One of the best jokes circulating on social media today is a bogus announcement that Donald Trump is warning Americans about ‘Schrödinger’s immigrant’: a foreigner who lazes around on benefits while simultaneously stealing your job. A UK version of the gag circulated during the recent general election, also playing on the famous quantum physics paradox, in which a single particle that exists simultaneously in two opposite states theoretically causes a cat in a sealed box to be both dead and alive at the same time.
Do DUI prevention laws actually deter driving under the influence? Authors Lorne Tepperman and Nicole Meredith argue that punishments like fines, imprisonment, and license suspension are not as effective as we like to think. They have found that people are more likely to be changed by constructive influences (e.g., alcohol counseling) and social taboos than they are by threats of punishment.
Canadians have a vast lexicon of phrases they use to diminish accidents and their negative consequences. We acknowledge that “accidents will happen,” and remind ourselves that there’s “no use crying over spilled milk.” In fact, we’ve become so good at minimizing these seemingly random, unpredictable incidents that they now seem commonplace: we tend to view accidents as normal, everyday occurrences that everyone will inevitably experience at some point.
As we celebrate the 27th annual World AIDS Day, it is encouraging to note the most recent trends of worldwide reductions in new HIV infections and AIDS-related deaths. However, the gains charted against the “disease that changed everything” are not equally distributed. In fact, the HIV/AIDS crisis has markedly widened gaps of inequality in health and well-being the world over.
Feminism and Islam are rarely considered to be complimentary to each other or even capable of coexisting. A mere cursory glance of any major media outlet and one can find endless articles, newscasts, and videos of radical Islam waging war against the West and systematically oppressing women. The image of the veiled Muslim woman has become emblematic of the patriarchal control Islam seems to yield unrelentingly over female followers of the faith.
The very look and feel of families today is undergoing profound changes. Are public policies keeping up with the shifting definitions of “family”? Moreover, as the population ages within these new family dynamics, how will families give or receive elder care? Below, we highlight just a few social changes that are affecting the experiences of aging families.
In his 1963 “Letter from Birmingham Jail,” Martin Luther King Jr. expressed keen disappointment in white church leaders, whom he had hoped “would be among our strongest allies” and “would serve as the channel through which our just grievances could reach the power structure.”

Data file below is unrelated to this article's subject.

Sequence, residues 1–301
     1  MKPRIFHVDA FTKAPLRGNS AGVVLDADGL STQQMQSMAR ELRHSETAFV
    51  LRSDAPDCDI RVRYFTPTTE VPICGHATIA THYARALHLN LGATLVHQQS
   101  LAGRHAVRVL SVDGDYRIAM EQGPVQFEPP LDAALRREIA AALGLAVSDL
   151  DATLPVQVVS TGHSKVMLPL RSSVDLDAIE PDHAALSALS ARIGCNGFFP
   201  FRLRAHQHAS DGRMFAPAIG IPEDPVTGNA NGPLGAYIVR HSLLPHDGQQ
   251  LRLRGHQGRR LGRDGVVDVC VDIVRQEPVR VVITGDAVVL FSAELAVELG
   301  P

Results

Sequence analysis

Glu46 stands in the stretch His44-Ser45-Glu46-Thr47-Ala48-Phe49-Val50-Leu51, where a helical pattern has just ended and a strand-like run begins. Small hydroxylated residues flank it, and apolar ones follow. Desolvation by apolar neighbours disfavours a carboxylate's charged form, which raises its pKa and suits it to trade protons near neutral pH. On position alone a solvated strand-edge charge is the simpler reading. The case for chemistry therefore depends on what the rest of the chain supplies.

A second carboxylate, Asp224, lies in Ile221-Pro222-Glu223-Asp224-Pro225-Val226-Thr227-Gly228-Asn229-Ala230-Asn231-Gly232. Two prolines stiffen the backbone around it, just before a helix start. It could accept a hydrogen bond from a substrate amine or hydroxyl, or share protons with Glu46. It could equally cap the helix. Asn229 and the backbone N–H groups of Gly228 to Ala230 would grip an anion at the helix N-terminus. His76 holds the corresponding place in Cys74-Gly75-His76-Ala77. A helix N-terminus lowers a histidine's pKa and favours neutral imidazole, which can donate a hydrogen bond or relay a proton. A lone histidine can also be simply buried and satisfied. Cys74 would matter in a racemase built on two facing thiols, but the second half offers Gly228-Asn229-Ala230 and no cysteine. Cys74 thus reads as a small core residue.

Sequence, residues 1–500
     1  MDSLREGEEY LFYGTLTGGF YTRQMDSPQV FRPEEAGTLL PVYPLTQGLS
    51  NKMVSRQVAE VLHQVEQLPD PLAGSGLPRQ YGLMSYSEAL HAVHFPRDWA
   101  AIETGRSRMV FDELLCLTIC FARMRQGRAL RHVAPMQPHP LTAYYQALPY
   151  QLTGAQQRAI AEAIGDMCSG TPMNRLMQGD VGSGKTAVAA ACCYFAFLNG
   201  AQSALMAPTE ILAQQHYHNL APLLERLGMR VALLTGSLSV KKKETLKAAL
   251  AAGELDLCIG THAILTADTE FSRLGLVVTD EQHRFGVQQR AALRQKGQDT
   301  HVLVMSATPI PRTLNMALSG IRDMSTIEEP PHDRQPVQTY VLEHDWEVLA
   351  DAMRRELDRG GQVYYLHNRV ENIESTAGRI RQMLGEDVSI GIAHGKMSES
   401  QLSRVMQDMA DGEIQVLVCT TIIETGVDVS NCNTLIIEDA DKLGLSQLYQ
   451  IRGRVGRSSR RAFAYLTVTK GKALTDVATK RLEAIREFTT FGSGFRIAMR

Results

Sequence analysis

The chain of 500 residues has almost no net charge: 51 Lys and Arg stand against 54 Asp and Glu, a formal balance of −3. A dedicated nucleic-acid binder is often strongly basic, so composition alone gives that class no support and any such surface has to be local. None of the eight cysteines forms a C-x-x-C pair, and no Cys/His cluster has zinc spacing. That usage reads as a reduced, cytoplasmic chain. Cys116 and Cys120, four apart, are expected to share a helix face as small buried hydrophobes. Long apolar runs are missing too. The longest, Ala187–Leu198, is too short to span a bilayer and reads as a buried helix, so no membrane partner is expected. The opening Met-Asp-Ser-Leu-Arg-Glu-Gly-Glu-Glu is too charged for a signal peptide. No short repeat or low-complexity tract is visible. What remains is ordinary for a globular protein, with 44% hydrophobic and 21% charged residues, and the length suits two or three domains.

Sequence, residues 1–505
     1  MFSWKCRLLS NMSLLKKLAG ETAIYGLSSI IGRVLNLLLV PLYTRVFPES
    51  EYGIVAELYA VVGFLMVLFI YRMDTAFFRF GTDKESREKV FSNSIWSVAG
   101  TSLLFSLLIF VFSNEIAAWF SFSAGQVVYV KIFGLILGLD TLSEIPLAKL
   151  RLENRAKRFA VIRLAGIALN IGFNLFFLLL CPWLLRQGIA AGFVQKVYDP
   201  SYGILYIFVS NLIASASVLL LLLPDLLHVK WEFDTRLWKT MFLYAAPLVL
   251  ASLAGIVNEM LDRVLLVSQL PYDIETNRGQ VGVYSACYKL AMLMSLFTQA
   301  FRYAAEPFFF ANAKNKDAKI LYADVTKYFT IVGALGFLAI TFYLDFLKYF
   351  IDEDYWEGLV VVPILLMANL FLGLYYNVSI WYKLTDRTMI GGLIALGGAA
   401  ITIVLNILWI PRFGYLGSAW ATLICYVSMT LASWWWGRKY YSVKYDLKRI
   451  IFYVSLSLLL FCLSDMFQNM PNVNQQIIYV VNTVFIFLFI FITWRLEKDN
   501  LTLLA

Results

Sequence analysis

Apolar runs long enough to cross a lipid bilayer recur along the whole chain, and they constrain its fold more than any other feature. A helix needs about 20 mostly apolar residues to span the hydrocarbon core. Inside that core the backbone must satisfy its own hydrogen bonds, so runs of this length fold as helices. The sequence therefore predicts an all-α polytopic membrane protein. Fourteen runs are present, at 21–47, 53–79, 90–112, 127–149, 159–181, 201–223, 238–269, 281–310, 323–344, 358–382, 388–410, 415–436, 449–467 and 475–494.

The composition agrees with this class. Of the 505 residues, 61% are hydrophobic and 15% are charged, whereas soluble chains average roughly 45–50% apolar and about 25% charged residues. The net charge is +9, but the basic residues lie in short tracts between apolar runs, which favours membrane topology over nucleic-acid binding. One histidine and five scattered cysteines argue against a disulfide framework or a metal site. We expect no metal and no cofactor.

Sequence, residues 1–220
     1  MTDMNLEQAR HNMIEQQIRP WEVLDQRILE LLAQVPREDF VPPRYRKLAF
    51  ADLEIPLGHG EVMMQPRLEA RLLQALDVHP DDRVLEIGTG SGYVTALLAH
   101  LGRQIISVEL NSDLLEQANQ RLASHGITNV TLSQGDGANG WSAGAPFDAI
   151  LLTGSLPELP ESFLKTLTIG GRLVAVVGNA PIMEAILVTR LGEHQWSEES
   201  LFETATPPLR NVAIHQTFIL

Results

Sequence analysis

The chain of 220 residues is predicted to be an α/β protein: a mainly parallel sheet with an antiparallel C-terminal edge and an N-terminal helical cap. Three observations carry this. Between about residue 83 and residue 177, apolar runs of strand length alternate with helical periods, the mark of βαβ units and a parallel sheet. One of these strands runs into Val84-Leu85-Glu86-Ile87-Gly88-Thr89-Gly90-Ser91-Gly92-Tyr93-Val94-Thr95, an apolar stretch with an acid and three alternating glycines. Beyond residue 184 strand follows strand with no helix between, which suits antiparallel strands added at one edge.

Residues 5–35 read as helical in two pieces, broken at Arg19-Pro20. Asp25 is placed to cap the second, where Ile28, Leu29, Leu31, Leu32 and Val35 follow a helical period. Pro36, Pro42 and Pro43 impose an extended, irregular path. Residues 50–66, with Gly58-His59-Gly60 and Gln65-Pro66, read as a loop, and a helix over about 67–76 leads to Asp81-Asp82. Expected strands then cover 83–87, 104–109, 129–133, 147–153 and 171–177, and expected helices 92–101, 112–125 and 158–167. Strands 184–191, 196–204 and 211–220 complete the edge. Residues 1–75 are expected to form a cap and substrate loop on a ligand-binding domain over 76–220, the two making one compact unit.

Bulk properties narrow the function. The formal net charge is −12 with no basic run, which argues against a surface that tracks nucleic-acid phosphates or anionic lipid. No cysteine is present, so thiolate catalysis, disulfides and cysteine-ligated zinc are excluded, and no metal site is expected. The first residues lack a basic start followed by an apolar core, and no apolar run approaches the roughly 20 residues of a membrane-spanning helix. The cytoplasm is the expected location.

Imagine that you are going to buy a health care product. You see a highly attractive salesperson. What would be your reaction? Would you feel very happy? Would you spend more time interacting with the salesperson and be more likely to buy his/her products?
The Edwardian seer and futurologist, H. G. Wells, wondered whether aircrafts would ever be used commercially. He did the calculations and found that, yes, an airplane could be built and, yes, it would fly, but he proclaimed this would never be commercial.
The month of September marks commemorative services for both the United Kingdom’s National Police Memorial Day on the 27th, and the Australian Police Remembrance Day on the 29th.
In a recent Huffington Post piece entitled “Police Shootings Are About Class as Well as Race,” Jesse Jackson argued that the issue of police violence specifically, and an unjust and excessive criminal justice system in general, are disproportionately experienced by the poor, irrespective of race.
On Sunday September 13, the United States will celebrate National Grandparents’ Day. This annual holiday, held on the first Sunday after Labor Day, celebrates our grandmothers and grandfathers. Marian McQuade, grandmother to 43 and great-grandmother of 15, is widely credited with founding the holiday.
We asked Michael Dear to describe his day-to-day experiences of borderland communities. Most of my travel time is devoted to listening to people, observing, and trusting to serendipity. People on both sides of the border are generally helpful and friendly. Once I got lost in fog on my way to the mouth of the Rio Grande at the Gulf of Mexico, and pair of Mexican cops offered me a ride along the beach in their truck. And they came back later to pick me up!
Flash forward to 2010. I was now a tenured full professor. I was working with two young male Ph.D. students who in some ways reminded me of myself thirty years earlier—inspired by feminism, wanting to have an impact on the world. Both Tal Peretz and Max Greenberg had, as undergrads, gotten involved in campus-based violence prevention work with men.
In my 1980 interview with Chris Norton, he spoke of the tensions of being a pro-feminist man, of struggling with how to integrate his commitments to feminism with his daily life as a carpenter, where he worked with men who didn’t always share those commitments. He spoke of Men Against Sexist Violence’s (MASV) internal discussions of sexism and pornography, and of his own complicated relationship to feminism and other progressive politics.
The guy at the front of the room was saying stuff I’d never heard a man say before, especially to a room full of young college guys. Through my basketball-player-eyes, I sized him up to be at least 6’5” with the broad shoulders of a power forward